Mute Swan

Do you know this beautiful bird is a forced immigrant to America?

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Mute Swan

Mute swan swimming among the sun sparkles

The above Mute Swan was photographed in New Jersey, but Mute Swans came from Eurasia. They were initially brought to America as decorations for ponds of parks and estates in the late 19th and early 20th centuries.

All swans are just downright beautiful, especially when they display their lovely wings.

Male swans are called cobs, females are known as pens, and the downy young are cygnets.

If you see a swan with its foot out of the water, it either cools or warms itself, depending on the season. A close look at their webbed that it has numerous veins and arteries.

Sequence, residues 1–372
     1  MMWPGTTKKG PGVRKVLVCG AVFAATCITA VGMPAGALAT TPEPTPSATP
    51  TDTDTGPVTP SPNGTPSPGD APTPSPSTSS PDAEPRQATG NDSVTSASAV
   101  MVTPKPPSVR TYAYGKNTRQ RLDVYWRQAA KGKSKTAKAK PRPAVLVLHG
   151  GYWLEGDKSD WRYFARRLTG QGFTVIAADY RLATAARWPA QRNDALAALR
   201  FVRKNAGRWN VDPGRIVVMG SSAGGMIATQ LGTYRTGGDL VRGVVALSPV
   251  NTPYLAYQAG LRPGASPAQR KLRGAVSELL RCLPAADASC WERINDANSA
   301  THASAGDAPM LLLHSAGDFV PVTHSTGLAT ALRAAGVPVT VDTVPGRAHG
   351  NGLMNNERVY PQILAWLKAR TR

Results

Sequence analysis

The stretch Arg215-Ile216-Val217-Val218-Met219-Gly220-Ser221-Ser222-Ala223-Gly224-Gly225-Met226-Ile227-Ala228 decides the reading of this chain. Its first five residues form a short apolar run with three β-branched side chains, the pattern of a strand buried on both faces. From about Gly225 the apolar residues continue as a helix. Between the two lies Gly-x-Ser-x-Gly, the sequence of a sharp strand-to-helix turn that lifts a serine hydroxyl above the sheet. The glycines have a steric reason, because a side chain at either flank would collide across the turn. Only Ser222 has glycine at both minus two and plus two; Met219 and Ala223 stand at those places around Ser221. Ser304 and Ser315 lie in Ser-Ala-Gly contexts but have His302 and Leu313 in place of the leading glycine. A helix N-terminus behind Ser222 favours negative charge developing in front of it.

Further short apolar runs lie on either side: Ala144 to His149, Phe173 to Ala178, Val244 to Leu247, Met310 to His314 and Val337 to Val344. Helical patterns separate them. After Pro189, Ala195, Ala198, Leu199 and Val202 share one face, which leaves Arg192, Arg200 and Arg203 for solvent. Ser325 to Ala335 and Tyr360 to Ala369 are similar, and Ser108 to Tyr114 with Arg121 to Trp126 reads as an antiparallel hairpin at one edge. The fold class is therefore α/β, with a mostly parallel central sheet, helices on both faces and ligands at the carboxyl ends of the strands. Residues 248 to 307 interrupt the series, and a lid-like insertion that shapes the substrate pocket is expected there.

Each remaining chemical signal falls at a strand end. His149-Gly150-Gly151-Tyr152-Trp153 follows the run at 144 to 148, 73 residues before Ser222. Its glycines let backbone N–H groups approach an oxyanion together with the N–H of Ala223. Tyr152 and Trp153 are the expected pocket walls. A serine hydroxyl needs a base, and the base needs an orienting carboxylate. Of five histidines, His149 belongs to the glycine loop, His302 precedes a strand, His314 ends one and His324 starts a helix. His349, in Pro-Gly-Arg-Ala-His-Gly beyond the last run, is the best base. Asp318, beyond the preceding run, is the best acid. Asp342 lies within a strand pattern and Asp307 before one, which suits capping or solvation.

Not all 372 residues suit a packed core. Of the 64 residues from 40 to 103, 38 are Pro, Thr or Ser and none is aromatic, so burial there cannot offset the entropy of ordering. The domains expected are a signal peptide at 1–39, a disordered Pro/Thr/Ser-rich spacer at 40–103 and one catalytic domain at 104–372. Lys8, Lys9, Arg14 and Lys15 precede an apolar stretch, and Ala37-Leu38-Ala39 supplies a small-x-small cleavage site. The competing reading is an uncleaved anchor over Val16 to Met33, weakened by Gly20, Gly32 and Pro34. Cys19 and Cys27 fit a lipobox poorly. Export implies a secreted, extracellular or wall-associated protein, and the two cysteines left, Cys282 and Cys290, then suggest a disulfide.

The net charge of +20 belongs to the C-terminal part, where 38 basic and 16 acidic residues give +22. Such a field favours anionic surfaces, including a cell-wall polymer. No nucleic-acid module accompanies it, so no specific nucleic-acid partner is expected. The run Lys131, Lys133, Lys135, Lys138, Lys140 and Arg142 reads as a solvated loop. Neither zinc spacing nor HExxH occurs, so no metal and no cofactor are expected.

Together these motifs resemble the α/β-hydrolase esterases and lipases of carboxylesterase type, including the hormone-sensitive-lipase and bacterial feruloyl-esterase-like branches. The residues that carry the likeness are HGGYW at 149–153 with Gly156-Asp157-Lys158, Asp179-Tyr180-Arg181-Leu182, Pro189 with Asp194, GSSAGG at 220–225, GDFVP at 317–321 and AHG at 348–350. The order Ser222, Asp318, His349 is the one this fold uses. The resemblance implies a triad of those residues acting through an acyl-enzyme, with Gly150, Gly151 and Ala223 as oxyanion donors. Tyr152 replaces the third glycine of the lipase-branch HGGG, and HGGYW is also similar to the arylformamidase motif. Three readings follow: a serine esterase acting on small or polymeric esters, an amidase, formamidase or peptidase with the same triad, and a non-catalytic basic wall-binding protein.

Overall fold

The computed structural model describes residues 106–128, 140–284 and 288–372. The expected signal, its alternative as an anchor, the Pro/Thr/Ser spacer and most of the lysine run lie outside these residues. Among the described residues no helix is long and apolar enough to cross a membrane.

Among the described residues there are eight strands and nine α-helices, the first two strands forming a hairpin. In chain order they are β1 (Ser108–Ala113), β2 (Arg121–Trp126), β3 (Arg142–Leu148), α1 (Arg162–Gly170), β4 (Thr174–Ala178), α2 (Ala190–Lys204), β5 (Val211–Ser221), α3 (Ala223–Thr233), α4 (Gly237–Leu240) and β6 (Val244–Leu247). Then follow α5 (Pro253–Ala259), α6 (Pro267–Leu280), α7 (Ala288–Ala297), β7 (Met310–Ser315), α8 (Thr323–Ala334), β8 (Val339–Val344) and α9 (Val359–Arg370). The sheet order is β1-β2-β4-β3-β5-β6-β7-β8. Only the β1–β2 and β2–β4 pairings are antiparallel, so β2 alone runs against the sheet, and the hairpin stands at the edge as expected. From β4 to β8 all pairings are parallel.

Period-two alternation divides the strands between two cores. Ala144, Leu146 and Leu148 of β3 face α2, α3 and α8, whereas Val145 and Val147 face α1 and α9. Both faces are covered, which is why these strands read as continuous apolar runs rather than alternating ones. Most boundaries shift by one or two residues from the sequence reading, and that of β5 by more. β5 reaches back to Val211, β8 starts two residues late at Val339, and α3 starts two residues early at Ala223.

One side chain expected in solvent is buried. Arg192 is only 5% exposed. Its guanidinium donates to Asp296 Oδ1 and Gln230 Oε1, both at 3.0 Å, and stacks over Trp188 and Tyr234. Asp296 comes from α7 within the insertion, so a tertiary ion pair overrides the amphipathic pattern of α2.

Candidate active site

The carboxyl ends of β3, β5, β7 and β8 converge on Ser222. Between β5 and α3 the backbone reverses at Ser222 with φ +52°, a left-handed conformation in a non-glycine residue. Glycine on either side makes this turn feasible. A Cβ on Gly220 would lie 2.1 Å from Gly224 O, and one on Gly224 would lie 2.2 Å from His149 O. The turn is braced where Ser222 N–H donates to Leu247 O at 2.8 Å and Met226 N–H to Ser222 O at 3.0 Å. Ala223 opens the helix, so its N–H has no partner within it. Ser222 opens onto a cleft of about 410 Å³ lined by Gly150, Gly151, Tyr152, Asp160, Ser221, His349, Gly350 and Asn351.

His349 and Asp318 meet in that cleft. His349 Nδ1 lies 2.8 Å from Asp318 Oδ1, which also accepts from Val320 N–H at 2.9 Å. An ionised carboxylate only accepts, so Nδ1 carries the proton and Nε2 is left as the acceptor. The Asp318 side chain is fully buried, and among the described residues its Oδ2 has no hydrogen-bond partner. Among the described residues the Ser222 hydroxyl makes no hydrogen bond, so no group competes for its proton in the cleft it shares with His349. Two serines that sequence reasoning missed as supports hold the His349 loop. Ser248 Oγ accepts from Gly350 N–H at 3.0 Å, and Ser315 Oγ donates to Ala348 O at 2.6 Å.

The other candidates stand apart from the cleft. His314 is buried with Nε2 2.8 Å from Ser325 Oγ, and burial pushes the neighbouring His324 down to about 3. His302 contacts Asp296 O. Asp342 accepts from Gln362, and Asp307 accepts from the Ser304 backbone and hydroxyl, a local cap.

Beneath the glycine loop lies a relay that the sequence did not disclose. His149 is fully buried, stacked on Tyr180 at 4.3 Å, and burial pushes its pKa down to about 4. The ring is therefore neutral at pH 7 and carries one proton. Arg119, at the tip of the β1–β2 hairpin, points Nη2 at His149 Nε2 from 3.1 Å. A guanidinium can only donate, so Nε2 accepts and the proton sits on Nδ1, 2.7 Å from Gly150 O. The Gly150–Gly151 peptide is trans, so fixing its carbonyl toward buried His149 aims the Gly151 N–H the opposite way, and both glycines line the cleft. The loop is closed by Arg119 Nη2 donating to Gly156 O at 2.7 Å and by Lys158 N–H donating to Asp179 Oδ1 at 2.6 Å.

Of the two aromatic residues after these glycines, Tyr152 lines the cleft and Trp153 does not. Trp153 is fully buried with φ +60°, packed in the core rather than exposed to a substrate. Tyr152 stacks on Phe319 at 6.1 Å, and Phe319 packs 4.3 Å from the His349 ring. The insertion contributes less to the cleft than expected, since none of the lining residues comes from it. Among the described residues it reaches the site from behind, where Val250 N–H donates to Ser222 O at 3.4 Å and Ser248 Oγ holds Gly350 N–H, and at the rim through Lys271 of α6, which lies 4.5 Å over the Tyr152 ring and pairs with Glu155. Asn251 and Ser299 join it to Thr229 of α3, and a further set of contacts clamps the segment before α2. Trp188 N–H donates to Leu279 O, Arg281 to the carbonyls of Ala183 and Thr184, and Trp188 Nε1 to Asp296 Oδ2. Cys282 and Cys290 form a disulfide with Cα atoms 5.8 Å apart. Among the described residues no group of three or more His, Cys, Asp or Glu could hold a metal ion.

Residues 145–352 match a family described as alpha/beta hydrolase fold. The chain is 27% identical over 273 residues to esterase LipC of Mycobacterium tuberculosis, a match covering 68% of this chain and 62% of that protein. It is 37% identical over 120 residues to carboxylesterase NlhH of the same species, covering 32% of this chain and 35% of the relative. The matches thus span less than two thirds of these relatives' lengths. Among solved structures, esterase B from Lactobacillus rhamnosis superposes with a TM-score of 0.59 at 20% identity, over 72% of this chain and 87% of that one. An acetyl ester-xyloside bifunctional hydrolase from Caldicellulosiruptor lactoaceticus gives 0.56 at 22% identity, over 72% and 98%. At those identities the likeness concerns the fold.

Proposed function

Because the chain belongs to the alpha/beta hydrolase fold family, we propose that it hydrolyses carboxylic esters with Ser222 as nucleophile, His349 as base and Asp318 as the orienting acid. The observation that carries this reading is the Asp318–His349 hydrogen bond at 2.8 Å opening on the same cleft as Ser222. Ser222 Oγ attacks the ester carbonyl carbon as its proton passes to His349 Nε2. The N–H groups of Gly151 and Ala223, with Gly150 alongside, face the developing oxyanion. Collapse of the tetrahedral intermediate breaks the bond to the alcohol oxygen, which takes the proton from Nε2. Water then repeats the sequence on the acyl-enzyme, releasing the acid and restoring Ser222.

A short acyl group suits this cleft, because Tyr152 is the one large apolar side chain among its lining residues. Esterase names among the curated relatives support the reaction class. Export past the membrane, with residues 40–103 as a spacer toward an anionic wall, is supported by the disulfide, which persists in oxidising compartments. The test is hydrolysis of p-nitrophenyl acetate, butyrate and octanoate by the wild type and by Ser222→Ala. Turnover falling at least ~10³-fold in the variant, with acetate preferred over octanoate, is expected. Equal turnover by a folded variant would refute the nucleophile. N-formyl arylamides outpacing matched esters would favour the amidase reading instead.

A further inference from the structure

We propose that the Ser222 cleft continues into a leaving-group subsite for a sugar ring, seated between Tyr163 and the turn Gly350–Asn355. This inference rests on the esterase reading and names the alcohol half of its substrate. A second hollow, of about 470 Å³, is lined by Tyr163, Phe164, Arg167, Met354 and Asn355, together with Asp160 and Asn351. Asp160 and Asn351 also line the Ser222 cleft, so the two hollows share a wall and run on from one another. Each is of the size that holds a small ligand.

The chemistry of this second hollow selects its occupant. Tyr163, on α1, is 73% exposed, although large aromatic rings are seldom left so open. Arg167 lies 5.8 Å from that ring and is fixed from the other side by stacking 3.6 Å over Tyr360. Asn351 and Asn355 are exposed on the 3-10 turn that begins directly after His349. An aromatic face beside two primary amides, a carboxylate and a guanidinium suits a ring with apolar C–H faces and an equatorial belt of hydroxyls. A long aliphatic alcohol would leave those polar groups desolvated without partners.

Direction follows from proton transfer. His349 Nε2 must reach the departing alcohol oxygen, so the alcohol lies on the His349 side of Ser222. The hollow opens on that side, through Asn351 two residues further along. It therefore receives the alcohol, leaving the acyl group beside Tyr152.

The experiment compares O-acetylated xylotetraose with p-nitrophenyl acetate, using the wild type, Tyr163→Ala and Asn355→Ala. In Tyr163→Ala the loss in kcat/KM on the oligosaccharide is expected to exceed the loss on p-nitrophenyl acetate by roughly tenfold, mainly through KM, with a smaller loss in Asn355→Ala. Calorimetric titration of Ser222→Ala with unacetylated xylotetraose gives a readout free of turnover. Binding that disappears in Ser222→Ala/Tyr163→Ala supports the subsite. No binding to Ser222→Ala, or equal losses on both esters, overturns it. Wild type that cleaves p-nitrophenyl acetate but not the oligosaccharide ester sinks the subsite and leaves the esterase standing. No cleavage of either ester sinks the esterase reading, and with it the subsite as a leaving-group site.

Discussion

What is that black knob at the top of their beak? The knob is called a basal knob. When the scientists figure it out, they will let us know. They may serve as an indicator of health or sexual maturity. They tend to be more prominent in males. It grows larger in the male during mating season.

Mute Swans form long-lasting pair bonds.

One Maryland study found that they are big eaters, eating up to 8 pounds of vegetation a day and often outstripping the vegetation's recovery capabilities.

They can be extremely aggressive and have threatened native waterfowl.

They can be highly aggressive and have threatened native waterfowl. Mute Swans are not silent. They are less vocal than other swans. They do make hissing noises.

They have a wingspan of seven to eight feet.

This family was scooping up the delicious algae off the surface of this pond, all the while getting algae covered.

Swans are waterfowl, a group of birds that includes ducks, geese, and swans. To learn more about waterfowl, check out this page.

Mute Swan gliding along with wing feathers on display.

Mute Swan swimming while displaying wings for all to see. Wings in such a position indicate affection and are part of the mating ritual.

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